2. re: Kasyanov affair. The core issue is not Kasyanov himself or whether he had rigged the signatures he had collected. The core issue is the hypocrisy of the powerful. Apparently, the authorities decided to register Andrei Bogdanov, whose party received 0.1 per cent in the last parliamentary elections. Apparently, among 2 million signatures collected by Bogdanov the authorities couldn’t find any errors that would disqualify him as the candidate. That’s the problem in the Kasyanov’s case.

  3. Fedia Kriukov says:

    In fact, the core issue is the signatures, not alleged hypocrisy.The law is clear on this point: no more than 5% of signatures can be invalid. The CEC has demonstrated that significantly more than 5% of Kasyanov’s signatures were invalid. Kasyanov’s people were given every opportunity to disprove that. CEC representetives all but begged them to be present during signature verification, to no avail.No one in their right might (which, of course, doesn’t apply to people who write editorials in western periodicals) would ever argue that Kasyanov should be allowed to run after such massive forgery. If you are concerned about hypocrisy of the CEC, then your argument needs to be in favor of disqualifying Bogdanov.

  4. And – guess what? – he should have been disqualified. Setting aside any presumptions about Western media, democracy, etc., one can base the conclusion based purely on the numbers. Can a man in the country dominated by Putin Plan for Medvedev propaganda manage to collect enough signatures to run for the president in such a short time after an utter defeat in the parliamentary elections? That seems to be unlikely. No, I’m not arguing that Kasyanov should be allowed to run. I’m arguing that Bogdanov should not.

  5. Fedia Kriukov says:

    Wonderful. Now if you could only provide some evidence other than your unsubstantiated claims about what’s possible and what’s not, your point might even be taken interview, 23 Jan 08:(Correspondent) You insist that you have collected 2 million signatures, although everyone says that it is unrealistic to collect such a number of signatures in such a short time…(Bogdanov) Because no one did this. The DPR is the only party that registered for all of the regional elections by signatures, and it was the first to register for the elections to the State Duma by signatures. In 10 days, we collected over 300,000 signatures. Why? Because technologically, we were more prepared than all of the others taken together. We began organizing this 2.5 years ago. Despite the fact that we also had experience even before that: In 1993, we collected signatures for the State Duma, and in 1996 the DPR collected signatures for Lebed, for Govorukhin, and for Svyatoslav Federov.For us, signature gathering may not be a snap, but it is rather simple. We only had problems with the cold and snow in Siberia. There were also some teams that did not collect, but falsified, but we have a trained eye.(Correspondent) And how much did the signature gathering cost you? According to the documents, you spent less than a million rubles, while this cost Kasyanov almost R5 million.(Bogdanov) We spent R760,000 and change. This was for notaries and for preparation of printed products. We have long-term agreements with numerous organizers of signature collection, until the end of the campaign. Therefore, for now it is hard to say how much money will be spent. Kasyanov evidently paid only for the signature campaign, but we were sure of ourselves and concluded agreements until the end of the elections.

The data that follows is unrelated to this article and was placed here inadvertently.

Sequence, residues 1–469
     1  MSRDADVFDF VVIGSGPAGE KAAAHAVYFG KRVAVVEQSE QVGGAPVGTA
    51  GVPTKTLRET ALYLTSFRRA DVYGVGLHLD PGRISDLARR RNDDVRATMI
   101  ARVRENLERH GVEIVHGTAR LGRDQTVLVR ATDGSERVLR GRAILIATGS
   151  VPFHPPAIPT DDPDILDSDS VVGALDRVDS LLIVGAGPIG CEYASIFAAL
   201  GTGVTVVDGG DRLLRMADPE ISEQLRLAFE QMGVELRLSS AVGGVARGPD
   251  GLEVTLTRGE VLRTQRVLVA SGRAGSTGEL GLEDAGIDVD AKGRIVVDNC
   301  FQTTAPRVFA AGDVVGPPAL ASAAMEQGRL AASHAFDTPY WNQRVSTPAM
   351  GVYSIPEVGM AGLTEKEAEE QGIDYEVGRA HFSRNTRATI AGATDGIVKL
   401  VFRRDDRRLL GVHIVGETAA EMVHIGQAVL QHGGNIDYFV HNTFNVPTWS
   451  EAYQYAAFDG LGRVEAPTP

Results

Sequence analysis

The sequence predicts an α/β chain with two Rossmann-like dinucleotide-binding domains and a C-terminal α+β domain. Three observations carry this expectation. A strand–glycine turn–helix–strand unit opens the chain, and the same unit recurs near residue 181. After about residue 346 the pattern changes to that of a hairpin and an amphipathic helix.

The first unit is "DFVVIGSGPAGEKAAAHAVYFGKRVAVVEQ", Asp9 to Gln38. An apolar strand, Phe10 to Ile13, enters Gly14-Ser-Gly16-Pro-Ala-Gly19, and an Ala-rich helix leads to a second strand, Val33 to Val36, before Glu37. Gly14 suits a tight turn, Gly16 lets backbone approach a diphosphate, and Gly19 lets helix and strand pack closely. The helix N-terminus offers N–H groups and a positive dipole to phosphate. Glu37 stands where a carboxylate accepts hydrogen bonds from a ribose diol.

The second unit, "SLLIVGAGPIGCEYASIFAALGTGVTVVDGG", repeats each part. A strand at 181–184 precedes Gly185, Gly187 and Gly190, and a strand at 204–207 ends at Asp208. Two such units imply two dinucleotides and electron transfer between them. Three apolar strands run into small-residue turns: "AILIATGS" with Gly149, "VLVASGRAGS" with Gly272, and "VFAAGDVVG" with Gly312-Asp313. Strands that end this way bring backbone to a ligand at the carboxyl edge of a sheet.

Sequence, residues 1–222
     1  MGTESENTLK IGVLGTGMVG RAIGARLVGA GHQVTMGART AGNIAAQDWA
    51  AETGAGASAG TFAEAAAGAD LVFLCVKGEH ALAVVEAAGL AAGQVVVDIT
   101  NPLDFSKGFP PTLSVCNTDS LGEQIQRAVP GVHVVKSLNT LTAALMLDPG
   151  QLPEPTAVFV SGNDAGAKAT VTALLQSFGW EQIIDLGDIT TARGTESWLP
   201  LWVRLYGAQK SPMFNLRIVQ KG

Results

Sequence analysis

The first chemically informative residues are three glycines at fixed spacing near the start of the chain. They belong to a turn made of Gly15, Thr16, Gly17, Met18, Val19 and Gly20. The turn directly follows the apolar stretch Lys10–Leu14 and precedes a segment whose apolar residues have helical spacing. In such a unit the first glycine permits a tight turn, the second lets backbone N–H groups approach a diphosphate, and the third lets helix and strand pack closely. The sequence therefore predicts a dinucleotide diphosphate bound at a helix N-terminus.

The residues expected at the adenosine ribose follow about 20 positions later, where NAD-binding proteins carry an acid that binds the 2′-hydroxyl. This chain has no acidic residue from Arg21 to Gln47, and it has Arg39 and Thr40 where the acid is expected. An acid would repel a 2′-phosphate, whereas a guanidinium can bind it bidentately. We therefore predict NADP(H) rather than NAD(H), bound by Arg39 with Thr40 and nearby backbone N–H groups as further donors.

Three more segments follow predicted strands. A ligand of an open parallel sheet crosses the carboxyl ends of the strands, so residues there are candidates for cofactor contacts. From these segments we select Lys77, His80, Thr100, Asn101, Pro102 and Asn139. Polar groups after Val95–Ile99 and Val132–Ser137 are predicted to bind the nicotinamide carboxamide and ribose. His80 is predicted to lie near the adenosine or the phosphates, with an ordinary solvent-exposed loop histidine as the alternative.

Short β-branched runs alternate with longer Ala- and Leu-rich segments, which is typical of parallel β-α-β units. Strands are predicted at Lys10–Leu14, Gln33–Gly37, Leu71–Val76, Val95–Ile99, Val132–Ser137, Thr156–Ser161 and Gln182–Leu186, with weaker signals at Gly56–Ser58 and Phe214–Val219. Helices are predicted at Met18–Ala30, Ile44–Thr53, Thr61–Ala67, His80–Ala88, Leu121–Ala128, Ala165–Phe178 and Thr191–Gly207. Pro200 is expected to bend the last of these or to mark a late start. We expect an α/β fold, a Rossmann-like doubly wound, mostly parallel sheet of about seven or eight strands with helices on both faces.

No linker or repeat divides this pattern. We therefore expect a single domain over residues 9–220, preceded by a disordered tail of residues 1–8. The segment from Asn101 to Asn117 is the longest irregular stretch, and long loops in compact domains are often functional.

6. Oleg Nevestin says:

    Kasyanov, I think, didn’t even plan to run. Why look ridiculous come election time? He wanted to be thrown out, so that later he could tour Western capitals and trade accusations of “creeping totalitarianism” for a pile of dough. It’s just as simple as that. Russian “democrats” turned out to be nothing more than a bunch of money-hungry sellouts. Russian people have figured it out a long time ago – which is one more testament to their innate intelligence. I think this blog deserves a link.

  7. “I think this blog deserves a link.“It looks like a potentially interesting blog, but it has as of now only 3 posts and its not clear that it will be a Russia/CIS-related blog so I think a link will have to wait for now.